• Prefix: A prefix is a set of characters that is added to the beginning of the Bates number. This can be used to identify a specific case or document.

  • Bates number: The Bates number is the unique identifier that is assigned to each page.

  • Suffix: A suffix is a set of characters that is added to the end of the Bates number. This can be used to identify a specific document or page.

How to Add Bates Numbering to a PDF

Adding Bates numbers to PDF pages is fairly straightforward. Adobe Acrobat has a Bates numbering function which makes it easy to add Bates numbers to your documents. Here are the steps:

  • Open the PDF file in Adobe Acrobat.

  • Click on the “Tools” tab.

  • Click on “Edit PDF”.

  • Click on “More”.

  • Select “Bates Numbering” from the menu.

  • Choose the options you want for the Bates numbering.

  • Click “OK” to apply the Bates numbering to the PDF documents.

How to Add Bates Numbers in Your Ediscovery Review Platform

Although it depends on the type of ediscovery review platform you have, adding Bates numbers to your documents is essential. In Everlaw for example, you can add Bates numbers on upload, during export or production, or during review, however some platforms require you to add Bates numbers at the time of upload.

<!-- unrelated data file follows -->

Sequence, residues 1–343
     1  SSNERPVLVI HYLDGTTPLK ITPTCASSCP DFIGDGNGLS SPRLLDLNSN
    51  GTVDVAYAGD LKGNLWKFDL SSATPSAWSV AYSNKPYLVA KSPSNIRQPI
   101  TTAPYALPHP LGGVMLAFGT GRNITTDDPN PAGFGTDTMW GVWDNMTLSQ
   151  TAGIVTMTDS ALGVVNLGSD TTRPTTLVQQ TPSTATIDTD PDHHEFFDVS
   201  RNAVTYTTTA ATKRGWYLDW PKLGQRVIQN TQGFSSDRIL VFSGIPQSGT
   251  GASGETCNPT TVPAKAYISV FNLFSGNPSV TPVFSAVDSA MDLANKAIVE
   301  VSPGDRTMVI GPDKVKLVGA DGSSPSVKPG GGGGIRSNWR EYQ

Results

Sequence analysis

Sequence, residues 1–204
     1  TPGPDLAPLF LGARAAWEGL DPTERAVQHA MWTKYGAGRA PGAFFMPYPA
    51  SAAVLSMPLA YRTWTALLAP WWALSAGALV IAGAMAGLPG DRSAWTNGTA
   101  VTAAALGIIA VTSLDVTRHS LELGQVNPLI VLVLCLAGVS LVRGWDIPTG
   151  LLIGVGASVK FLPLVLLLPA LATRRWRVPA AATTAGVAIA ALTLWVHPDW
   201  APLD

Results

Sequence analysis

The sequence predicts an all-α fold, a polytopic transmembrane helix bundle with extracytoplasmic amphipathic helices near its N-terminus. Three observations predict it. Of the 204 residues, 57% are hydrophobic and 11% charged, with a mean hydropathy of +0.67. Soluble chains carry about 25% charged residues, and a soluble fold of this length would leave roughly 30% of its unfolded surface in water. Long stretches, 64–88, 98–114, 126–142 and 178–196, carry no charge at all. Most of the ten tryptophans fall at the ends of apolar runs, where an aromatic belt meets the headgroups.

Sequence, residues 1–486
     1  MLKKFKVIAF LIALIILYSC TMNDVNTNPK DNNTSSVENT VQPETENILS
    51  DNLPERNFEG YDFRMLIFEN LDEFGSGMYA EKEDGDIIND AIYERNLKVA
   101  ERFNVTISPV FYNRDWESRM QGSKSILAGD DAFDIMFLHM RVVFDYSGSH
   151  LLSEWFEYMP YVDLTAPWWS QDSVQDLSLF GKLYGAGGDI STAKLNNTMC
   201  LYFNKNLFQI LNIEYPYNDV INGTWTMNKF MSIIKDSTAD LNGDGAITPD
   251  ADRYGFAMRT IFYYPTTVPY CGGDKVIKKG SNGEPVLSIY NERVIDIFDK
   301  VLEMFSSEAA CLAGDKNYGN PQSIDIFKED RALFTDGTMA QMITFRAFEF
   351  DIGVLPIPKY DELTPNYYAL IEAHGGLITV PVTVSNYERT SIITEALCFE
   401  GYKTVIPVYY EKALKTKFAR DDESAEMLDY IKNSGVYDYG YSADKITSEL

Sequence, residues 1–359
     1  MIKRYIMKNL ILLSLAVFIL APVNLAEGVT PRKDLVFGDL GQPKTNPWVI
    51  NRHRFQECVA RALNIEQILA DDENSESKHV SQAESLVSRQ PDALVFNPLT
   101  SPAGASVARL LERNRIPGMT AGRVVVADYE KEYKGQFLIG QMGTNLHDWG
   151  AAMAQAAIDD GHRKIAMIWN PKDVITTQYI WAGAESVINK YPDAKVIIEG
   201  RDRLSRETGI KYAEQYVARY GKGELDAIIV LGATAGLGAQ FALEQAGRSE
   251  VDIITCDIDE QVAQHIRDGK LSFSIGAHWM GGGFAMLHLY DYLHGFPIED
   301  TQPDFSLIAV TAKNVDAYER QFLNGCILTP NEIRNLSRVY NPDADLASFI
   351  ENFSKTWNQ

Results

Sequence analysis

Once you’ve selected the appropriate documents and uploaded them to your ediscovery platform you can then go about assigning them Bates numbers. This is typically an automated process.

Additional Resources

For legal teams working in the modern digital age, there’s more than just documents to keep track of. Between video calls, text messages, emails, and more, data of all kinds needs to be handled and processed effectively and securely. It also needs to be searchable. Everlaw provides all these capabilities and more in an intuitive ediscovery software platform. You’ll be able to access a range of useful tools, including generative AI, to get to the truth faster.

Searching by Bates Numbers

To search according to Bates or control numbers, you can add the Bates/Control search term into your search bar. There are often parameters that you can specify in the search term, which will allow you to get a more specific result. Searching by Bates numbers is useful for pinpointing certain documents, or finding a range of documents that are related to one another.

Reviewing by Bates Numbers

When you review by Bates numbers, you’re able to create an efficient process whereby each document has its own specific identifier, so you can easily coordinate reviews amongst all members of your team. You can specify a certain Bates number set, and have an attorney be able to find and review the documents within that range with ease.